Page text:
By Christian Peeney
Johnny Sebastian is an 18-year-old rapper, singer, producer, and musician from Cincinnati, Ohio. He has been creating music since elementary school, writing comedy songs inspired by the likes of Bo Burnham and They Might Be Giants. He recorded and collected a few into his 2020 EP, ‘Elevator Music.’ Over the next year, he turned to writing more serious music, culminating in 2021’s ‘People Are Mammals Too.’ Additionally, he began producing hip-hop albums under the alias Red & Green Dinosaur Toy, releasing several projects on Bandlab, a free music production and song sharing website.
These two personas seem to collide in 2022’s ‘johnny’, a mixtape posted to YouTube, Bandcamp, and SoundCloud with poetic rap lyrics discussing themes such as death, loneliness, and anxiety. It’s a far different project than anything Johnny has released before; it’s dark, thought-provoking, introspective, and mature. Each song is a poem, meticulously crafted and worded, with no catchy hooks or choruses. It’s truly an experience to listen to this tape, and it leaves the listener asking a lot of questions, the main one being “is this guy okay??”
I sat down with Johnny to talk about the mixtape.
Christian Peeney: Let’s jump right into it. This new mixtape, johnny, is out now on Bandcamp, YouTube, and SoundCloud, and the lead single, “the quark dream”, is out on all streaming services. Let’s start there. Is there a specific reason why “the quark dream” is the one song on all streaming services or was that just a coincidence?
Johnny Sebastian: I’d be lying if I said the key reason wasn’t sample clearance. That beautiful sample that I flipped into 5/4. The violins and the pianos and those sweeping things, all of that throughout the whole song is all cleared and essentially free. But if it weren’t for that, I think a part of me probably still would have chosen that as the lead single. I think a lot of how it’s structured; it’s a lot like other big songs of mine. If you’re at all familiar with my other stuff or you’ve listened to some of my albums like People Are Mammals Too or A Bump In The Night, you know often I’m very story focused. And I’m very linear in a song. An example’s “How To Sell A Penny For A Dollar”. It starts with a character and a story. And it just progresses. Even though “the quark dream” was very poetic and pretty weird and really deep and sonically super different and alternative, it’s story focused and linear like my other songs. I felt that if people liked the other stuff, they could have liked that. However—and this is sort of done at the beginning of the project with “mosquitoes”— johnny is a really stark project, and it kind of is what it is. And if you don’t like it on the first three tracks, you’re not going to like it on the twelfth. So, “the quark dream” is similar in that it just starts, and it’s about the album, and it’s not pandering one bit.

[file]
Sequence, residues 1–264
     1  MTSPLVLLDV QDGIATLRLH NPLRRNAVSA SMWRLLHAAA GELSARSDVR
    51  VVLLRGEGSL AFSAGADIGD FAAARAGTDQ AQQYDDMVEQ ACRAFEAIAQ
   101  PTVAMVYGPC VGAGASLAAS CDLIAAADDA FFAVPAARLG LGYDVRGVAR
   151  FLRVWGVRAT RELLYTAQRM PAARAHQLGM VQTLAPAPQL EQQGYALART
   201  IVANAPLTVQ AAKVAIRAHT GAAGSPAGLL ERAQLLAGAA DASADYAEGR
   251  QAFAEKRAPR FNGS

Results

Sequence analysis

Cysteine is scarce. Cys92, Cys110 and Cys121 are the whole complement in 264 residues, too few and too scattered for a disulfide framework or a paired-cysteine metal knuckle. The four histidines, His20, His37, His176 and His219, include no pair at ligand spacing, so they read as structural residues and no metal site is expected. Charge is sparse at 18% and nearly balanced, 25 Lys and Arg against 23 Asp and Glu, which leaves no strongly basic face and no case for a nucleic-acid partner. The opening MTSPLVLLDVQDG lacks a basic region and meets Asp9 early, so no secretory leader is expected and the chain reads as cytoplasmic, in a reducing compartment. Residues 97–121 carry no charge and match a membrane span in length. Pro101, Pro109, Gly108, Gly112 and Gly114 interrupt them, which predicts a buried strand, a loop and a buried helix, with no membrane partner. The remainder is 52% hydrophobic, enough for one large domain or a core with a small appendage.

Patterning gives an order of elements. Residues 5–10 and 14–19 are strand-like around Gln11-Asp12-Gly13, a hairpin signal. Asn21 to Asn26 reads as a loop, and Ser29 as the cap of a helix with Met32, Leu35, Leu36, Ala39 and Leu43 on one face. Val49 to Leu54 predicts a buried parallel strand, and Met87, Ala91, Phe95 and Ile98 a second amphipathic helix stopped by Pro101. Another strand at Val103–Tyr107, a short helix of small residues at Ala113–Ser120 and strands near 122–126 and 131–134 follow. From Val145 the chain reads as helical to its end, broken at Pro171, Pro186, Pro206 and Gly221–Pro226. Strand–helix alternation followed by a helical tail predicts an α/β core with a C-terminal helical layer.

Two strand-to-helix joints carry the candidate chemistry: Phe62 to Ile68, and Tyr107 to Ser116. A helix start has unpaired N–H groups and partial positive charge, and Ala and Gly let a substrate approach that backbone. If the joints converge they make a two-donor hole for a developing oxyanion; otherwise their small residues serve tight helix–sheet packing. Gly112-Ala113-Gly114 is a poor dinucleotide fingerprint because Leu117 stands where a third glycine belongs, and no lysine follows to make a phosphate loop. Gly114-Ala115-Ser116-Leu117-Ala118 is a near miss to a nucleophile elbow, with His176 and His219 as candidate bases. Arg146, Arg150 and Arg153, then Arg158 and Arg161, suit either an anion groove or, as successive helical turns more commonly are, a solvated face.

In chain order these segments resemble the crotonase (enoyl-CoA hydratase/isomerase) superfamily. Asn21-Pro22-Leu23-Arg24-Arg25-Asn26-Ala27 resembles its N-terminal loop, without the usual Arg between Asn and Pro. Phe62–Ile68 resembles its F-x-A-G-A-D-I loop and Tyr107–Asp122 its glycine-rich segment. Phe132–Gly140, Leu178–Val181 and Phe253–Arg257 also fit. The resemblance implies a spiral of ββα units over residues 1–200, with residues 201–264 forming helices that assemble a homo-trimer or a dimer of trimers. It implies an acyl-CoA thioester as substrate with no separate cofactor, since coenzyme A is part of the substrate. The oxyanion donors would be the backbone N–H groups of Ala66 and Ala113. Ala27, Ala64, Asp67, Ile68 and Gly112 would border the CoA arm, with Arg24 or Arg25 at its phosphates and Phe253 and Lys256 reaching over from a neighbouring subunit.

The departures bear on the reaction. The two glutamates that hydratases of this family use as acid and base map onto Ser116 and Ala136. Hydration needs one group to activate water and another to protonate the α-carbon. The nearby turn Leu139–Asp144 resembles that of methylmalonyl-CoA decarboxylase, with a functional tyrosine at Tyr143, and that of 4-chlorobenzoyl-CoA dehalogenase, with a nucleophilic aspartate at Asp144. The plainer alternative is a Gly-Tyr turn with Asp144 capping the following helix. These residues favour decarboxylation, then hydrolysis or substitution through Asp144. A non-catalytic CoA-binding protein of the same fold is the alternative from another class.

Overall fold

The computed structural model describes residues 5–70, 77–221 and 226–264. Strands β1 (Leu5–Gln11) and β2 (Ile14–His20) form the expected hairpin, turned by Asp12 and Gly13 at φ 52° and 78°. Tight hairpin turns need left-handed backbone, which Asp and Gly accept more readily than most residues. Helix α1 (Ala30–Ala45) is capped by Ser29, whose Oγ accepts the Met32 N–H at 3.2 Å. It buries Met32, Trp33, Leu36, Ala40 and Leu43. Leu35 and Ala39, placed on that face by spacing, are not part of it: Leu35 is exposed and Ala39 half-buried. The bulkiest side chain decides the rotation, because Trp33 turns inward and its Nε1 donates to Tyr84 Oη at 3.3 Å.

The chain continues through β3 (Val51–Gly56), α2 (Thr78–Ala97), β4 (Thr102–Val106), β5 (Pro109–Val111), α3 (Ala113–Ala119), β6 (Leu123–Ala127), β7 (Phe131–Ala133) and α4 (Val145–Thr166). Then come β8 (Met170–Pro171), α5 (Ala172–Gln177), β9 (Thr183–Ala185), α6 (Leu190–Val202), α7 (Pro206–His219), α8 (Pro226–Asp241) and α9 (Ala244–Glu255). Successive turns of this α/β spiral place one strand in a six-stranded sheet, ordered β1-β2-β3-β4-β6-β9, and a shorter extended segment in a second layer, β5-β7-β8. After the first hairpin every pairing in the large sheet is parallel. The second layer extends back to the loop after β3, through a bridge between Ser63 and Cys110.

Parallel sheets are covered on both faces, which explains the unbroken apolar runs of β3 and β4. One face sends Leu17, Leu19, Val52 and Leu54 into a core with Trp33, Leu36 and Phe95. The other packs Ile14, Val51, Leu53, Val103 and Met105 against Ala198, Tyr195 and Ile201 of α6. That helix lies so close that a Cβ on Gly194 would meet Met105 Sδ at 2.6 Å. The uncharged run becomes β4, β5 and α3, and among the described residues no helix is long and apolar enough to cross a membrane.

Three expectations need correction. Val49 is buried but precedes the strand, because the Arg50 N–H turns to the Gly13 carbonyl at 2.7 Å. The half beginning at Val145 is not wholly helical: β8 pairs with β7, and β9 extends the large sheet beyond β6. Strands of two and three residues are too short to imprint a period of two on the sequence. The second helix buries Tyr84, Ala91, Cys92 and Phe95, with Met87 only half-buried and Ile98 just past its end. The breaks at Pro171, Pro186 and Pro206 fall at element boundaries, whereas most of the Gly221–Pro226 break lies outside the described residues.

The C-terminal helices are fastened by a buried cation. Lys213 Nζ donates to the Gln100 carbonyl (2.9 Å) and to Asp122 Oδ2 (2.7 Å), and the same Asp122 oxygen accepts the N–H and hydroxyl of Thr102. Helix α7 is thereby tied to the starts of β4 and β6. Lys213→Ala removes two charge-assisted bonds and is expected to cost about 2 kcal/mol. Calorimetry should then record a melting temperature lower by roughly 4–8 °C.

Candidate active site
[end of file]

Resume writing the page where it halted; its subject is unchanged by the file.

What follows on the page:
CP: I think that’s a great way to describe the mixtape as a whole: it is what it is. It’s very much its own thing compared to your other works. Where did this idea come from? How did you decide to do something that is so starkly different than anything else you’ve released thus far?
JS: I mean, that’s sort of a big question. And there are kind of a lot of different reasons. Because I could approach it lyrically, or topically, or thematically…
CP: Let’s say thematically. Where did the whole idea for the mixtape come from?
JS: Well, I’d say the greatest inspiration is probably life experience: what’s been going on with me in the past year, my thoughts on death and how I’ve been reacting to that, my mental health, my sense of identity, my legacy. That’s a big word, legacy. It’s about being a being a third: my dad being John Sebastian II, and my dad’s dad being John Sebastian I. I’ve been thinking about that as I’ve been growing up. It’s not a mixtape about growing up, but it’s certainly a mixtape about my legacy. And so, that was sort of all on my mind. But as far as the way that’s approached, thematically, it takes major cues from theatre. It takes major cues from literature and poetry, specifically gothic literature and poetry. If you listen to mixtape, it’s not a concept album
because I didn’t want to be that direct. And I wanted to have more questions than answers. But the mixtape kind of has this underlying theme of me dancing with death, as an example, and death almost being a romantic partner. You hear these kind of old time 1950s Jazz tracks, and you can imagine me dancing with death: that’s very gothic. Gothic comes from romanticism, where there’s a partner and it’s young love, but it’s also really dark and vulnerable.
CP: So, coming from that life experience, was there anything that was a little bit exaggerated for the sake of the mixtape, or was it all pretty much realistic as to how you felt?